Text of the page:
Laurence Van Someren | An Ode to the True Liberals of Cambridge

One cannot help but finish reading this tightly pact ode in anything less than kidney rupturing hysterics. As ever, Van Someren has outdone himself, leaving his readers bemused at his most recent liberal hot take.

Say what you want about Cambridge’s cows—
at least they’re principled, and uphold their vows.
They may lack leaflets, badges, and bar charts,
but they are the liberal vanguard, round these parts.

Cows know what liberalism is really about:
it’s breathing in, then breathing out.
It’s less about weed, and residents’ parking surveys,
and more the placid charm of rus in urbe.

I don’t think I would enjoy being a cow.
I’d yearn for topology, Beyoncé, and xiao long bao.
But at least I’d be spared the endless democratic rejection,
and the anguish of postponed party leadership elections.

In every common the cows commandeer,
they, unlike us, can claim to be ‘winning here’.
We liberal humans can only campaign—or moan—
until the Cambridge cows come home.

Angus Robinson | Lessons in Liberalism: What I Ate for Breakfast

We asked for entries which defied convention, and on this count Robinson’s Haiku delivers. Robinson masters the unusual Japanese style well. His work is bear and penetrating.

Slicing my grapefruit

                                  Along optimal borders,

                                                         swallowed it

Other Strong Entries

(In no particular order)

The texts of these entries can be found collated here:

Sophie West | An Ode to the True Liberals of Cambridge

Special thanks must be given to Sophie for what is perhaps the best recreation of Keatsian posey this century. Perhaps a little too congratulatory of the labour party for our tastes but nonetheless a very flamboyant and rhythmic contribution to April’s Canon.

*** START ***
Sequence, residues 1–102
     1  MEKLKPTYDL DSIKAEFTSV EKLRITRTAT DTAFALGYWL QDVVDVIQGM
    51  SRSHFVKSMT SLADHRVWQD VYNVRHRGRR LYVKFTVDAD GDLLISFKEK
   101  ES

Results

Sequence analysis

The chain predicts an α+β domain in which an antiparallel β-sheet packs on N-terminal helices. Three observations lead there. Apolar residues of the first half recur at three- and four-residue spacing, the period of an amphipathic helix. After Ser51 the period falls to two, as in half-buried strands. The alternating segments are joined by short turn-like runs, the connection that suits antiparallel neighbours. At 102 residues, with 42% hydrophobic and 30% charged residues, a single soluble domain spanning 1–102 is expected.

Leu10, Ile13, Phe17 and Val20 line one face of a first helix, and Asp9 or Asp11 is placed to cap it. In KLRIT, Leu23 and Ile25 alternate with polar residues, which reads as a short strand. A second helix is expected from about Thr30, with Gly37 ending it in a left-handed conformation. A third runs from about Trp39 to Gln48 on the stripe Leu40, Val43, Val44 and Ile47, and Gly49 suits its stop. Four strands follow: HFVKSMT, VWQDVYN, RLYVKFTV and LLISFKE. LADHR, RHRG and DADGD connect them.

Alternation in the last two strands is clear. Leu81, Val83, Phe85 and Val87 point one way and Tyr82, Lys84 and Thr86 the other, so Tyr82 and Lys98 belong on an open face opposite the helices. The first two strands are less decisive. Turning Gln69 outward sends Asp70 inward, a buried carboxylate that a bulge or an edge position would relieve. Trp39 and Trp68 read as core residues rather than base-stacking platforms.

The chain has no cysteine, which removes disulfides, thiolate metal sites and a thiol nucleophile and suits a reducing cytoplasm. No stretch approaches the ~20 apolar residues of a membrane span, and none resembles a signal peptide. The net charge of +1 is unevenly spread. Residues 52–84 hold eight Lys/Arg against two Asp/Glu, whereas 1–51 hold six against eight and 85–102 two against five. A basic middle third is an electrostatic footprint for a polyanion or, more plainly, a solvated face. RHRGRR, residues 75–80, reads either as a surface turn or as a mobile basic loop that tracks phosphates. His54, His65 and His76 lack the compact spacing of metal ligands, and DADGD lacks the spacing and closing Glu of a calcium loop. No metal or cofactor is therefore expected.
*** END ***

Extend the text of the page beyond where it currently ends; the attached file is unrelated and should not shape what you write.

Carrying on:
Lewis Sinclair | LIBRANTO (With Apologies to GK Chesterton)

With its bouncy Brave Heart style, Sinclair’s impressive entry leaves one unashamedly proud to be a liberal in a losing battle. At the same time, this is a densely woven poem. Oozing in metaphors and political references, it leaves much to be unpacked. 

Gabriel Barton-Singer | An Ode to the True Liberals of Cambridge

Rhythm is the name of this entry. Barton-Singer is a master of the rhyming couplet and shows he is a dab hand with the liberal beat. Astute and to the point as ever, we thank him for this contribution. 

Keir Bradwell | Lessons in Liberalism: What I ate for Breakfast

Keir writes in a maverick style of liberal triumphalism which can only be rivalled by Gladstone’s 1853 budgetary speech. The major part of this work captures CULA’s self-aggrandisement well. Ending by bringing us soundly back to earth, however, this piece reminds us all of the need to remain self-aware.

Angus Robinson | An Ode to the True Liberals of Cambridge

The bees of St John’s are our liberal heroes in this steady Limerick. An enjoyable short read which leaves us questioning the political orientation of flying insects, Robinson’s second entry lives up to his strong reputation.

Josh Newman | Lessons in Liberalism: What I ate for Breakfast

An entry which is clearly crafted by a scientist, Newman’s unique tract utilises technology in a way this judge can’t understand. Nonetheless, the acerbic commentary here bemuses all who marvel at Newman’s work. We thank him for the auditory and visual aid.

Categories: Competitions